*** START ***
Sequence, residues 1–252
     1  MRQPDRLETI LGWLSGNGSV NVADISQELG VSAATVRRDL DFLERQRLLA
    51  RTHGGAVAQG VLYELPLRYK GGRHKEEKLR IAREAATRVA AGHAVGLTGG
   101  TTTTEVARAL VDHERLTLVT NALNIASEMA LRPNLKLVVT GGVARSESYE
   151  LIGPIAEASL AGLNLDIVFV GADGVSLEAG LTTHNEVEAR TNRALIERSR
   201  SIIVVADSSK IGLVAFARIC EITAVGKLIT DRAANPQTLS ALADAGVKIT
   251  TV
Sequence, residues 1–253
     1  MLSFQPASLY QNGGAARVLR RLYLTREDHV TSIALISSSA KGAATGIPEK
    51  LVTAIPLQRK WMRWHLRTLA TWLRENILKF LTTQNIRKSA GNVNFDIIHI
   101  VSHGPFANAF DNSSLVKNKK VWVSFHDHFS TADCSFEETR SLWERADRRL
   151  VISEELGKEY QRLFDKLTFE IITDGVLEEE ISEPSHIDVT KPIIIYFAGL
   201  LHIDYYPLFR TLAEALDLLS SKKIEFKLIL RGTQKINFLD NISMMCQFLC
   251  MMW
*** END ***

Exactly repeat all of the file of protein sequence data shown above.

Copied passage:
Sequence, residues 1–252
     1  MRQPDRLETI LGWLSGNGSV NVADISQELG VSAATVRRDL DFLERQRLLA
    51  RTHGGAVAQG VLYELPLRYK GGRHKEEKLR IAREAATRVA AGHAVGLTGG
   101  TTTTEVARAL VDHERLTLVT NALNIASEMA LRPNLKLVVT GGVARSESYE
   151  LIGPIAEASL AGLNLDIVFV GADGVSLEAG LTTHNEVEAR TNRALIERSR
   201  SIIVVADSSK IGLVAFARIC EITAVGKLIT DRAANPQTLS ALADAGVKIT
   251  TV
Sequence, residues 1–253
     1  MLSFQPASLY QNGGAARVLR RLYLTREDHV TSIALISSSA KGAATGIPEK
    51  LVTAIPLQRK WMRWHLRTLA TWLRENILKF LTTQNIRKSA GNVNFDIIHI
   101  VSHGPFANAF DNSSLVKNKK VWVSFHDHFS TADCSFEETR SLWERADRRL
   151  VISEELGKEY QRLFDKLTFE IITDGVLEEE ISEPSHIDVT KPIIIYFAGL
   201  LHIDYYPLFR TLAEALDLLS SKKIEFKLIL RGTQKINFLD NISMMCQFLC
   251  MMW